Rayburn crappie and bass tough to pin down

Trout are difficult to pin down on Sabine Lake and East Galveston Bay. Your best

Fresh water from recent rains has caused bass fishing to surge, but on Sabine Lake, it’s making things difficult for anglers targeting reds, flounder and trout.

Sam Rayburn guide Bill Fondren says the water level there is about 7-1/2 feet high, and the fishing overall is slow.

“The topwater bite is good on calm mornings, but other than that most of the bass are being caught in 10 to 12 feet of water along creek channels on cranks and Carolina-rigged soft plastics.”

The problem on the rivers and lakes is high and muddy water. That probably won’t change too much for the next week or so.

Most bays along the Texas coast from Sabine Lake to Port O’Connor are holding lots of fresh water runoff. That’s definitely the case on Sabine Lake and the Galveston Bay complex. The ticket is to fish at the jetties or in the surf. Sabine Lake guide Jerry Norris says that all the fresh water coming down the lake will push a lot of fish to the surf.

Guide Buddy Oaks on Calcasieu Lake says the fishing there is better than you might think. They are using a lot of live shrimp under corks to catch limits of trout and reds. Soft plastics are best over reefs, with topwater plugs taking some decent trout on early moving tides.

California angler wins Lake Fork tourney and $100,000

California angler Brent Ehrler won the recent Toyota Texas Bass Classic on Lake Fork, taking home a check for $100,000, a fully rigged bass boat and a Toyota Tundra truck.

Ehrler entered the final day of this tourney in fifth place with a total weight of 58 pounds, 4 ounces. Despite averaging over 29 pounds a day for the first two days of competition, the California pro had yet to catch a bass surpassing Lake Fork’s 24-inch slot length.

That changed when he boated a 10-pound, 11-ounce bass to take over the top spot on the leaderboard. The Lake Fork giant proved to be the big bass of the tournament, earning Ehrler a Toyota Tundra valued at $35,000.

“For much of the tournament, Ehrler fished offshore with a trio of baits,” says Larry Hodge with the Texas Parks and Wildlife Department. “Those lures included a shad colored Lucky Craft crankbait, a 6-inch hollow-bodied swim bait in shad on a 3/4-ounce BOSS swimbait jig head, and a 3/4-ounce BOSS Football jig head tipped with a Yamamoto trailer.”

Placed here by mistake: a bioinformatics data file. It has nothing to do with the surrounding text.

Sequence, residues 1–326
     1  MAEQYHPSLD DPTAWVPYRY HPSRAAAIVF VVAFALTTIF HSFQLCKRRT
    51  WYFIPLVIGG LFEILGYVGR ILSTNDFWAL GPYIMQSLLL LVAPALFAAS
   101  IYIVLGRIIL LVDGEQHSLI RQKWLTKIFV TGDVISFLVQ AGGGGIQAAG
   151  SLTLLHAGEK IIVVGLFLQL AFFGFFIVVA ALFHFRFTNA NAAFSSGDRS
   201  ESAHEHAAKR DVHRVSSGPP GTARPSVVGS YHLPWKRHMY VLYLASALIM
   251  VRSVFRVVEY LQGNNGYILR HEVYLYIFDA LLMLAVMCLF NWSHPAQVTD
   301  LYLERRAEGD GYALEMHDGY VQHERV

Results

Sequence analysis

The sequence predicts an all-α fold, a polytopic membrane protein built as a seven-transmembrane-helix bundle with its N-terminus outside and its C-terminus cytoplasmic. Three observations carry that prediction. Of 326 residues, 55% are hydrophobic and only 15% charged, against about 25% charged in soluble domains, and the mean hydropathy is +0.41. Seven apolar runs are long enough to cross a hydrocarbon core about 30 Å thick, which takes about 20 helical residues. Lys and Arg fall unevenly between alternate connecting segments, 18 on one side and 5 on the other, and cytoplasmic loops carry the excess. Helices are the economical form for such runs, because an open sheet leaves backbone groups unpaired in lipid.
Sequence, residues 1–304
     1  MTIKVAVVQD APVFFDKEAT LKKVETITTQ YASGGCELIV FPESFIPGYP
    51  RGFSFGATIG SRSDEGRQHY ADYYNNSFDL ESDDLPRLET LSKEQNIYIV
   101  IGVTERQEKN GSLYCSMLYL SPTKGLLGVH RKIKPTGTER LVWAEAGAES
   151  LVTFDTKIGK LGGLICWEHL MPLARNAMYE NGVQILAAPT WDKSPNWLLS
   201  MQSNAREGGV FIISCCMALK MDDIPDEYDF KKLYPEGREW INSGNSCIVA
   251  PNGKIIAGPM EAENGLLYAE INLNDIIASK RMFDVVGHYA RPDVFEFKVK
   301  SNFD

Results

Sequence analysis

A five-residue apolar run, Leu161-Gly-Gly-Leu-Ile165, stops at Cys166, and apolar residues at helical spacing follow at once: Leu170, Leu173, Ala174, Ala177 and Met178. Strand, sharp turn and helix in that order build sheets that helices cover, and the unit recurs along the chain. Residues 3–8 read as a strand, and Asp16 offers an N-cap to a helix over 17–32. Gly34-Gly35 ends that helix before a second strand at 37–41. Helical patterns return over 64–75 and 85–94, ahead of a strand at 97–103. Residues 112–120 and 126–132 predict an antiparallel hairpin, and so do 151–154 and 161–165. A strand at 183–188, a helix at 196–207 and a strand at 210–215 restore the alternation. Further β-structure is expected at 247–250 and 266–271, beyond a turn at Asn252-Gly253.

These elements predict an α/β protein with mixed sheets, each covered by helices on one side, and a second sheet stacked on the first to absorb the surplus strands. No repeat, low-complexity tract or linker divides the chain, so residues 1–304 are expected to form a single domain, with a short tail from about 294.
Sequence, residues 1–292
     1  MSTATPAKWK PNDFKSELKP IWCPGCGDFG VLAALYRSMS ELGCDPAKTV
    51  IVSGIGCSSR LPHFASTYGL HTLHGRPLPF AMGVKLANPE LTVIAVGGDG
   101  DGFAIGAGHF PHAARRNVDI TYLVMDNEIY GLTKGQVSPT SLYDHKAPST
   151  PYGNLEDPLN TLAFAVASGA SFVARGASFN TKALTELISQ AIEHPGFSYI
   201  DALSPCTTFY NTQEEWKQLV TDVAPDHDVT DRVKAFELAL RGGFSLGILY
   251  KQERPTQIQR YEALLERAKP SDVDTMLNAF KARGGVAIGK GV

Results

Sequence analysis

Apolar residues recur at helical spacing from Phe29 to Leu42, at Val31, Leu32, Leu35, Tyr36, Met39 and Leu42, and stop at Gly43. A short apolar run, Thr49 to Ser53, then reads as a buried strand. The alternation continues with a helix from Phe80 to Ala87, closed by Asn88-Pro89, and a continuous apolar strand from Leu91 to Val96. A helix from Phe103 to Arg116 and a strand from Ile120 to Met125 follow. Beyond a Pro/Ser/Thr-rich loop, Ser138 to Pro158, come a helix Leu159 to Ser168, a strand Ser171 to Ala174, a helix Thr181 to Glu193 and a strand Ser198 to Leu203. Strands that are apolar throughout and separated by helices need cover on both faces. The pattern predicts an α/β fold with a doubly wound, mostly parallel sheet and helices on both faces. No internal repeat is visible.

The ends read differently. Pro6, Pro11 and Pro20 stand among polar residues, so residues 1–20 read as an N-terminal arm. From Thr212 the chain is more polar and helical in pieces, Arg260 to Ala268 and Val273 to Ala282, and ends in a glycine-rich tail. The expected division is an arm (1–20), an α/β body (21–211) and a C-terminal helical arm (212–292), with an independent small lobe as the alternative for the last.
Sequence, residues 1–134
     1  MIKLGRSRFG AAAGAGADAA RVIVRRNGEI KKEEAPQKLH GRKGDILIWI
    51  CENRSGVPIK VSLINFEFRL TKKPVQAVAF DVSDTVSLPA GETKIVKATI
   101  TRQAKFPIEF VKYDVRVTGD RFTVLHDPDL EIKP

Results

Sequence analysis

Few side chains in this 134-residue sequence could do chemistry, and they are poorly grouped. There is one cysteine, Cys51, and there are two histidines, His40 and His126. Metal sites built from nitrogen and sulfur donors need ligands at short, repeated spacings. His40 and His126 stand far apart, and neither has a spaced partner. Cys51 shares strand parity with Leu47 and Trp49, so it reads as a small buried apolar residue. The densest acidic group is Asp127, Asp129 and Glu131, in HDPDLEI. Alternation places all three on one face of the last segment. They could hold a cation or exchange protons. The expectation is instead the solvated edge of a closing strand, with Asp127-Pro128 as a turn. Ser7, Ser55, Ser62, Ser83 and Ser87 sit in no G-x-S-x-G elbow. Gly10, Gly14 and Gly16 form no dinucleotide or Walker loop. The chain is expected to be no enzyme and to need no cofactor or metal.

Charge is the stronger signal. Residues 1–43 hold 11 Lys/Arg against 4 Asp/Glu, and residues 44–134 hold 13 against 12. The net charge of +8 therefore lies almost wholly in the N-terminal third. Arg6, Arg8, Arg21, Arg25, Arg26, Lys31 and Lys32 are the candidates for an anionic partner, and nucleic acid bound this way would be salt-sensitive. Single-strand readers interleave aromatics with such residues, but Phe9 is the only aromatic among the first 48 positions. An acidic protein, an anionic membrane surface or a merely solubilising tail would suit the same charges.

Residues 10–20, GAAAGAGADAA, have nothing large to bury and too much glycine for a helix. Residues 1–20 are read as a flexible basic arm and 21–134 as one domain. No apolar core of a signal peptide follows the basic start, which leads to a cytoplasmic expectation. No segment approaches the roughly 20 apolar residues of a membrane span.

Ehrler says he caught the bulk of his bass slow-rolling the swimbait, but he also caught several fish on the crankbait, and two key fish on the football-head jig.

The key was using his graph to find the winning school of fish early on the first day of practice.

“I saw some fish down there, and on one of my first casts I hooked a 6-pounder,” says Ehrler. “When I was reeling it in, I noticed a bunch of other big ones following the hooked fish back to the boat. I immediately knew that I’d found a spot that could be very productive.”

“He caught a limit weighing 23 pounds off his primary area and then boated the 10-pounder and a 6-pounder off his secondary area in the afternoon,” says Hodge. “Both areas were basically points that extended out into the lake and then dropped off.”

New bass license plate aims to increase funding for fisheries

The Texas Parks and Wildlife Department is re-introducing its largemouth bass conservation license plate with a new graphic design. Artwork on the new plate depicting a jumping bass chasing a lure was created by well-known wildlife artist Clemente Guzman.

“By purchasing this specialty plate, anglers will help provide critical funding for Texas’ fish management programs,” says Dave Terre, with TPWD. “The more plates purchased by anglers, the more funding will be available to help keep Texas one of the best places to fish in the country.”

The new plate can be purchased online at www.ConservationPlate.org/Bass or at local tax county offices for $30/year, of which $22/plate goes to TPWD.

Kid launches truck, boat and trailer into lake

A Titus County game warden recently responded to a Lake Monticello boat ramp after a truck and boat sank in the lake. A man trying to put his boat on his trailer allowed his grandchild to drive his truck, but the child accidentally put the vehicle in reverse. Both the truck and trailer went into the lake. A second child in the back seat was safely removed from the truck before it sank.

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